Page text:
It had stormed that night, one of those quick, violent summer storms that always brought Angelo clambering up onto Rinoa's bed to lie against her legs - to protect her or to protect himself, she was never sure, but it always made her smile. She'd never minded storms herself; listening to the thunder and the rush of rain against walls and windows always made her a little more aware of the comfortable warmth of her own room and her own bed.

But the storm had spent itself by the time she got up, early enough that even Balamb Garden's halls were still and quiet as she made her way around from the dormitory to the front gate. A smile and a wave to the gate guard, who smiled and waved back as he let her through, and then she was stepping out into the cool, thin blue of first light.

She kept half an eye out for bite bugs and other creepy crawlies as she hiked across the still-wet fields - greened over now where the Galbadian missiles and the uprooting of the Garden had churned up the earth - but she didn't worry much. And though Angelo trotted ahead of her, roaming from one side to the other and sniffing at suspicious lumps in the rain-bowed long grass, she didn't see anything more ominous than the bleached-out fragments of shattered chitin left behind by one of the SeeD cadets' training patrols.

She could hear the sea before she saw it, a distant roar with a steady in and out like breathing. The fields dropped away at the rim of the bluffs that overlooked the shore; Rinoa stopped there for a short while, looking down to the narrow strip of sand that high tide left between the water and the foot of the bluffs.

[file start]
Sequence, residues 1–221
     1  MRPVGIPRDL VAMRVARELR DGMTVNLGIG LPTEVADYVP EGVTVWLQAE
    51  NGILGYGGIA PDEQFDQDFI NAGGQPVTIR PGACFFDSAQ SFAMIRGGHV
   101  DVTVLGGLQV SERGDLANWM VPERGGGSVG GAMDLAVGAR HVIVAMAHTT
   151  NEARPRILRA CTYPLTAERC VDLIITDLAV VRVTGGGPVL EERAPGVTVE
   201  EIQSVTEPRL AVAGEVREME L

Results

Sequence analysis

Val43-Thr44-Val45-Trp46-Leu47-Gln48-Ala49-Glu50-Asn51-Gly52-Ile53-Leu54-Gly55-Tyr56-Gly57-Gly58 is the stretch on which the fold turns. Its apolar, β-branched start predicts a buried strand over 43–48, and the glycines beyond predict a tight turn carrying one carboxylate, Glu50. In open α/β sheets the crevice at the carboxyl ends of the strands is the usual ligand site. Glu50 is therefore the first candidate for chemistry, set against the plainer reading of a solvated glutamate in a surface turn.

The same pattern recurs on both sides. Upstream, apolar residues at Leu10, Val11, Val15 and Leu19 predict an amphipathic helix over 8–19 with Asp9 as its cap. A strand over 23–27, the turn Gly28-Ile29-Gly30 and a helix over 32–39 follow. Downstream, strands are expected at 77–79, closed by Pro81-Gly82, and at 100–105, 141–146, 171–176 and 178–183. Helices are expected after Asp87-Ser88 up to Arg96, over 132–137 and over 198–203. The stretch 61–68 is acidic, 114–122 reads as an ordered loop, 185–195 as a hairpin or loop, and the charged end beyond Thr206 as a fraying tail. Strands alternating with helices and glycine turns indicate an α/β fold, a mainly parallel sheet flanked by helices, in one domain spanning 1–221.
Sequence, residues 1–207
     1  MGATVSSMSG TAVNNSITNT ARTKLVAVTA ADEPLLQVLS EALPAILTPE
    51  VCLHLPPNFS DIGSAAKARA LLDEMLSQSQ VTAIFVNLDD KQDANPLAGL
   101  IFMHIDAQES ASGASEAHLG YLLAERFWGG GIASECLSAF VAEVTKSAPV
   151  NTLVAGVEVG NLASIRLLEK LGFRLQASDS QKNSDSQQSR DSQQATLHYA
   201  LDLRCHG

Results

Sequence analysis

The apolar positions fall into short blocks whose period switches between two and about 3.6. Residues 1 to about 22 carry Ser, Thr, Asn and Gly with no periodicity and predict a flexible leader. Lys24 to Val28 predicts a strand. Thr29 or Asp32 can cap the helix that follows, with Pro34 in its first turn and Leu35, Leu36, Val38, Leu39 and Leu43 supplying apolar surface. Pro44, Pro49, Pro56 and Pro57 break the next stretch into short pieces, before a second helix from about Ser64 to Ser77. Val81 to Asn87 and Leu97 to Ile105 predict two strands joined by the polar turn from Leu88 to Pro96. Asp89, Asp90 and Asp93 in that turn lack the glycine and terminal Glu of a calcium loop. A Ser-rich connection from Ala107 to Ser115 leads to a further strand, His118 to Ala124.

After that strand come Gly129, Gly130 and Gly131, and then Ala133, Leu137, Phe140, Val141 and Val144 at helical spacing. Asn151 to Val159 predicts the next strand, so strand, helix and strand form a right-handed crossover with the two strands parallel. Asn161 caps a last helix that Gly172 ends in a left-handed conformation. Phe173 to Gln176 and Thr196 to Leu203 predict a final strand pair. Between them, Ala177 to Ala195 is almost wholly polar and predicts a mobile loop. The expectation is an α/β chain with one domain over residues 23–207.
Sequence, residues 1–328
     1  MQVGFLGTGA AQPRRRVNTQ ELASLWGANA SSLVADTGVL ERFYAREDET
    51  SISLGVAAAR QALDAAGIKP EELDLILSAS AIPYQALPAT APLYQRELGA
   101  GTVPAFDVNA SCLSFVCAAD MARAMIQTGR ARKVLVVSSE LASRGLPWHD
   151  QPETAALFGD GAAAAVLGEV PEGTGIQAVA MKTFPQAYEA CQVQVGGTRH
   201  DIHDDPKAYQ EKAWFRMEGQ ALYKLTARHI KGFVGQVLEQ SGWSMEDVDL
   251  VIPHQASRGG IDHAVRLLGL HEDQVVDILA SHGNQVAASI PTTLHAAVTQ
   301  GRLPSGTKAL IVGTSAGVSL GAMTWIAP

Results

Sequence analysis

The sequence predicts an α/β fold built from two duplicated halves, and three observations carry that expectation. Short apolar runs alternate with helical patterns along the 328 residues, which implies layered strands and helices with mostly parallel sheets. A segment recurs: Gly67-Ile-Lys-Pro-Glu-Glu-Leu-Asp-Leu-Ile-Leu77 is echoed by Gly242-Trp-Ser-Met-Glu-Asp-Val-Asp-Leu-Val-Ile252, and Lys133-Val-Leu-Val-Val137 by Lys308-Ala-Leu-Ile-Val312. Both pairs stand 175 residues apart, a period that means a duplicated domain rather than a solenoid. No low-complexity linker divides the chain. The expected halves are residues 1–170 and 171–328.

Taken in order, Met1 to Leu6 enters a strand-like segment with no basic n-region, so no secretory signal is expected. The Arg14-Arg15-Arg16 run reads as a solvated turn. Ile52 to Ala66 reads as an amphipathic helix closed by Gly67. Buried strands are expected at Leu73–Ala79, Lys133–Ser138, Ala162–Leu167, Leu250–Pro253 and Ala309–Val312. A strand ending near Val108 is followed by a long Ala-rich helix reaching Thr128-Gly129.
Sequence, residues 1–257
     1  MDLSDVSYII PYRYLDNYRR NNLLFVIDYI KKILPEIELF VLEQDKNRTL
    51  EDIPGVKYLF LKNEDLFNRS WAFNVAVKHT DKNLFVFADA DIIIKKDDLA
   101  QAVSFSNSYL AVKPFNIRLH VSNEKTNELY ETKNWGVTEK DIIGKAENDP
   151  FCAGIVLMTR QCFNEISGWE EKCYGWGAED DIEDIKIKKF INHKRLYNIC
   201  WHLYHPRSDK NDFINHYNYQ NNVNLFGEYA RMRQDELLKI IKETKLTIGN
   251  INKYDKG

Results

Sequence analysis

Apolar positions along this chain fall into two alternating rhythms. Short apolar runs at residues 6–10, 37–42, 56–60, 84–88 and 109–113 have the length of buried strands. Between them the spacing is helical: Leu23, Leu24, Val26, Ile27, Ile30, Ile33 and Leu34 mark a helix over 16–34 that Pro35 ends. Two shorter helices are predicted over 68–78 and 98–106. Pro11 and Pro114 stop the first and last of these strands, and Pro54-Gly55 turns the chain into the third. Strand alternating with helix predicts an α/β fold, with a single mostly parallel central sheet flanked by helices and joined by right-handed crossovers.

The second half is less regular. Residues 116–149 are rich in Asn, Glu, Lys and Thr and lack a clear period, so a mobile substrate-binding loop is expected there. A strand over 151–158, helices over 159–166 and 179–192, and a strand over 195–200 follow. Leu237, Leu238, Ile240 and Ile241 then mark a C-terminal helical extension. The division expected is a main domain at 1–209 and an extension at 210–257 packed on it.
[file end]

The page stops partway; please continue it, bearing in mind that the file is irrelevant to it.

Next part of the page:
It wasn't hard to find what she was looking for.

The storm had passed and left the sky swept clear, but the sea was still restless, churned into whitecaps and waves that curled over themselves and rushed up the beach in a froth of foam. Against the ribbon of white sand out of reach of the surf, black leather stood out sharply - the loose shape of an empty jacket, draped over the gunblade that stood upright with its blade driven halfway into the sand.

She picked her way down in short, careful hops, and followed the tracks of a single set of boots across sand swept smooth by wind and water. When she reached the place where the jacket had been left hung over the gunblade's angled grip, she settled down on a rock at the foot of the bluffs, fingers toying absently with the pair of rings that hung from the chain around her neck, and looked for Squall.

If she hadn't known him, she might not have been able to identify him - he stood so far out into the water that she could only really see his head and shoulders above the surface, white shirt and water-dark hair. But the gunblade and the jacket with its ruff of white fur could hardly have belonged to anyone else, and Squall was the only person Rinoa knew who would brave the sea and the creatures in it without even a weapon at hand.

Angelo grew bored with exploring the smells of the beachside and came to lie down at Rinoa's feet. She ruffled her fingers through the dog's fur, half watching for the bright orange flicker of fastitocalon fins, half just watching as Squall braced himself against the breaker looming over him and almost vanished to view completely when the wave crashed down onto itself and rushed up the shore.